Located between the compressor and the air receiver tank or main head, a check valve is designed to prevent air from leaving the tank or head and returning to the inlet line when the compressor is turned off. Meanwhile, the unloader valves allow air to flow out of the compressor line to reduce the load on starting. To open or close, a check valve depends on the air flow line. There is an internal disc in a check valve.
It opens and allows air to pass only forward. When the air velocity or flow decreases, the disc starts to close. And when the flow is reversed, the disc closes completely. A ball check valve uses a floating or spring-loaded ball that rests on the sealing seat to close the orifice.
The sealing seat typically tapers conically to guide the ball into the seat and create a positive seal, thus stopping reverse flow. When the fluid pressure on the inlet side exceeds the opening pressure, the ball dislodges from its seat, allowing flow. When the inlet pressure does not exceed the opening pressure, or there is back pressure, the ball will close with the back pressure or through the spring, effectively closing the hole. True Union ball check valves allow for easy removal and replacement of balls, eliminating the need to purchase a new valve.
Read our article on ball check valves for more information. The compressor tank check valve is normally screwed onto the compressor air tank. Threads, which are coated with a reddish pipe compound, become a coupling port on the compressor tank itself and tighten perfectly. The lift check valve of an air compressor is an essential part that can be found in every compressor out there.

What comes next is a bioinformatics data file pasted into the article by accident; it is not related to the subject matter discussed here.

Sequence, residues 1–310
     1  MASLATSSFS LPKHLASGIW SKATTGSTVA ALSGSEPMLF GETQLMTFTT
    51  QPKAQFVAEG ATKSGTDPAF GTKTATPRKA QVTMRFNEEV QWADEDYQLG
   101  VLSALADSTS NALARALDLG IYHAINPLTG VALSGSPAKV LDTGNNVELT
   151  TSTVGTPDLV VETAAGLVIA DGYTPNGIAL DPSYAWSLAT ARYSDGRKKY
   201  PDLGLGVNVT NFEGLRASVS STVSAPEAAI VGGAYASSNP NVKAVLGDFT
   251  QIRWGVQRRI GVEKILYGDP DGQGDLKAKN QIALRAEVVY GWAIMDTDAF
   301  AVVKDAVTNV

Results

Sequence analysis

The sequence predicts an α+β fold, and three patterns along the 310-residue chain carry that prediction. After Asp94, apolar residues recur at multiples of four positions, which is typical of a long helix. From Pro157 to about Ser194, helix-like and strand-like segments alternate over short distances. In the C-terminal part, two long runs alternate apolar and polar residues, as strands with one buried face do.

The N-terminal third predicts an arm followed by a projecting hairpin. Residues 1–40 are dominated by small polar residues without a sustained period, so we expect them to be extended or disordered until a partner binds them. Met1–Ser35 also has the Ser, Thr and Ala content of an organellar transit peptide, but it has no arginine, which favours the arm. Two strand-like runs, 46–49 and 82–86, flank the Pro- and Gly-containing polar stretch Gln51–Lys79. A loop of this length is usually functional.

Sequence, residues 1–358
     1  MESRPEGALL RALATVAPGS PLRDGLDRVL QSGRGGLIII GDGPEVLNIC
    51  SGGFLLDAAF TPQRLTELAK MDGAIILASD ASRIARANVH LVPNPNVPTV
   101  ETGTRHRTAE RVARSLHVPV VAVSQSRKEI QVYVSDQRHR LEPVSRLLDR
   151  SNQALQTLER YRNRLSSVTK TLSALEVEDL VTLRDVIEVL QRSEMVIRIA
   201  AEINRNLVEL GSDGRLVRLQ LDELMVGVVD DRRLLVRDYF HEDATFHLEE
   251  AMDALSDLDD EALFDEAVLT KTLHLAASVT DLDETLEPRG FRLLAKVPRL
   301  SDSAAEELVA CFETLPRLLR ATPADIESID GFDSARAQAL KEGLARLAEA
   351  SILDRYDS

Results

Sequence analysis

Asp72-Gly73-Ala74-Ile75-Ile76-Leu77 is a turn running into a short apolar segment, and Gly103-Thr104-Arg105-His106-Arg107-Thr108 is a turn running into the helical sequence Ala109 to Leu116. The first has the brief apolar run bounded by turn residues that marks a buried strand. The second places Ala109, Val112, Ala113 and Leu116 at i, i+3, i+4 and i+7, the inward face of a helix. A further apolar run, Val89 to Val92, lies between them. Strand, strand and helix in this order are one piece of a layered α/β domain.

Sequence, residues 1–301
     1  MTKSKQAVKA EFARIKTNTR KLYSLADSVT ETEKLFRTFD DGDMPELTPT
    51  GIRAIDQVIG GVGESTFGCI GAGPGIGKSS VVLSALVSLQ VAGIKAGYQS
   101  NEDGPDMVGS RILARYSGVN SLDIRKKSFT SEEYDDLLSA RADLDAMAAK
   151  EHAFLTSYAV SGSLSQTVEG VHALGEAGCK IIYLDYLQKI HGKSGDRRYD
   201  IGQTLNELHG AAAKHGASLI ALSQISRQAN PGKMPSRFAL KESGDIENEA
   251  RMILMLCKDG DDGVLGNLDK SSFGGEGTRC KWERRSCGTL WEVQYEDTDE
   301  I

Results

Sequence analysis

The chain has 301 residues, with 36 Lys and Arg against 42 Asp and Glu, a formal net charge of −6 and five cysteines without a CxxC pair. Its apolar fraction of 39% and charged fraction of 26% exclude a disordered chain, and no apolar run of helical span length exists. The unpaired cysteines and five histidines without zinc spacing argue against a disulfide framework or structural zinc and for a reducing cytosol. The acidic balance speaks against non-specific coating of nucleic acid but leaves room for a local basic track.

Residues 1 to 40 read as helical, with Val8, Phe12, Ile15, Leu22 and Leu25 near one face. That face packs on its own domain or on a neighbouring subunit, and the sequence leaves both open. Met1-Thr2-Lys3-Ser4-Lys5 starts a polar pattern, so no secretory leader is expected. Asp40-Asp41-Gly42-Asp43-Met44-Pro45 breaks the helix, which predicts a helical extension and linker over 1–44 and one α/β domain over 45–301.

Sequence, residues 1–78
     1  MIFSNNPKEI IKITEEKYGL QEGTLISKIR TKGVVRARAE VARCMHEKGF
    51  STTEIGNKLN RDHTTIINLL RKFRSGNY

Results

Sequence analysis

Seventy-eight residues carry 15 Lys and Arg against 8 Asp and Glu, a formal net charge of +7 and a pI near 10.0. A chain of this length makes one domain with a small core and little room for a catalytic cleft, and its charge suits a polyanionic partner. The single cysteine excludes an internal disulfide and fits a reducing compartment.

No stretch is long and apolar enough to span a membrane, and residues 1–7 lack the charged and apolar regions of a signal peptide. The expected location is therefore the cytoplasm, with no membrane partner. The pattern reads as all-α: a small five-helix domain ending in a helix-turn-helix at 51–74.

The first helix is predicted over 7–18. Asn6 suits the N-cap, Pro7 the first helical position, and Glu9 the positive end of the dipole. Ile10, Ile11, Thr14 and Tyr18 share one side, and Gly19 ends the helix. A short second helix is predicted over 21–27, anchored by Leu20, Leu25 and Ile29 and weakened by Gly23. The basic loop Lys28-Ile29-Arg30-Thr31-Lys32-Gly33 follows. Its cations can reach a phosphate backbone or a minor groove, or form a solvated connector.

Check valves are used, for example, in reciprocating piston compressors, rotary screw compressors and scroll compressors. However, if you find that there are air leaks, this could easily mean that there is a problem with the check valve. Some in-line check valves also have a third port, which is generally used for inspection or if the application requires an air vent. The number of check valves may vary depending on the make, type, size and model of the air compressor.
Port 3 is where air from the compressor pump escapes from the tank check valve and enters the compressor tank. This means that air will not flow through the check valve unless the specified minimum opening pressure is reached. Thank you for informing me that a check valve prevents backward airflow and dirt can enter it that prevents operation. Inside the air compressor check valve, you'll find a disc or ball (most balls in smaller check valves) and a spring that pushes down the disc or ball.
If the check valve or flapper valve at the bottom of the tank check valve assembly becomes dirty or ruptured, air may escape from the tank. Check valves are considered to be one of the most essential and important parts of the operation of each air compressor. The sole purpose of installing a check valve in an air compressor is to ensure full passage of air from one direction only and to block the passage of air from another, while discouraging any reverse flow of compressed air. If I turn off the power, the air continues to escape until the pressure cut is reached and then it stops.
Port 1 is where the line would join from the pump head to allow compressed air to flow from the pump to the compressor tank. Turn off the compressor, drain all air from the tank, pull the tank check valve where the pump line reaches the tank and make sure the tank check valve is actually sealing when there is air in the tank. The valve opens when air flows with a pressure level, but the valve closes if there is a reverse flow. .